March 30, 2023
Norway brings down proposed, controversial tax on salmon, trout farmers' profits
Norway's government aims to levy a 35% resource tax rate on the profits of salmon and trout farmers, down from an initial proposal of 40% which sharply hit fish farming stock prices when announced last year.
Aquaculture licences awarded by the state give companies a chance to profit from public resources, and past Norwegian administrations have considered imposing extra taxes on the fish farming industry in recent years.
Norway's centre-left Labour-led government must now negotiate a final deal in parliament before a tax takes effect, but it is clear there is a majority in favour of taxing the industry more heavily.
"We have a long tradition in Norway in which value that is created from using our common natural resources shall benefit society as a whole," Prime Minister Jonas Gahr Stoere said in a statement. "It is now the time to introduce a resource rent tax for the aquaculture industry."
Fish farmers have lobbied against a resource tax, which comes on top of a regular 22% corporate tax, saying it will hamper investment and hurt an industry that has brought jobs and wealth to costal communities at risk of population decline.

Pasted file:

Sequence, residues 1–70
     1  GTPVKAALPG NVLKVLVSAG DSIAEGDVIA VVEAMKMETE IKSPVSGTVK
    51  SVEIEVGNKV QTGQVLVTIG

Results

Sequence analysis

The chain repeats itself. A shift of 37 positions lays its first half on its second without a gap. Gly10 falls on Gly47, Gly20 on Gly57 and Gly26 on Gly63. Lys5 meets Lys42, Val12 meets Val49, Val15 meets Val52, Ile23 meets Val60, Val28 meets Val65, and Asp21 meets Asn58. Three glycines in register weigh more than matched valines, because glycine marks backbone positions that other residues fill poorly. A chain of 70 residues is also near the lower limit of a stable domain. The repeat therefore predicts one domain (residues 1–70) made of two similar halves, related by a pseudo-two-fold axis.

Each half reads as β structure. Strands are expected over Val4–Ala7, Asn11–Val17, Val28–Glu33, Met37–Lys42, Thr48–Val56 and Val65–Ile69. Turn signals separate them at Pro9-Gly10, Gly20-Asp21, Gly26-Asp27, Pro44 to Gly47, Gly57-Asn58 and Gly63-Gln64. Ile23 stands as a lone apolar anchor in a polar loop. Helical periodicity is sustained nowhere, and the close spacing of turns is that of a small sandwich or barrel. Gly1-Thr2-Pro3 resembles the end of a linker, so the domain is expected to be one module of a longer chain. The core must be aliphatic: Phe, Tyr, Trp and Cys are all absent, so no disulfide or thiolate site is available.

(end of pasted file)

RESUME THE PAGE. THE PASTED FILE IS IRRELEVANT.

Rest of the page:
Last September, the government estimated that the extra profit, or resource rent, earned by the fish farming industry in 2021 from privileged access to natural resources amounted to kr11.8 billion (US$1.13 billion).
The government said it would prefer to negotiate with a broader group of parties in parliament to ensure that the tax is not reversed at a later time, but the main opposition Conservative Party said it rejected the government's model.
The alternative for the government is to reach a compromise with the smaller Socialist Left Party, which strongly supports a tax.
- Today Online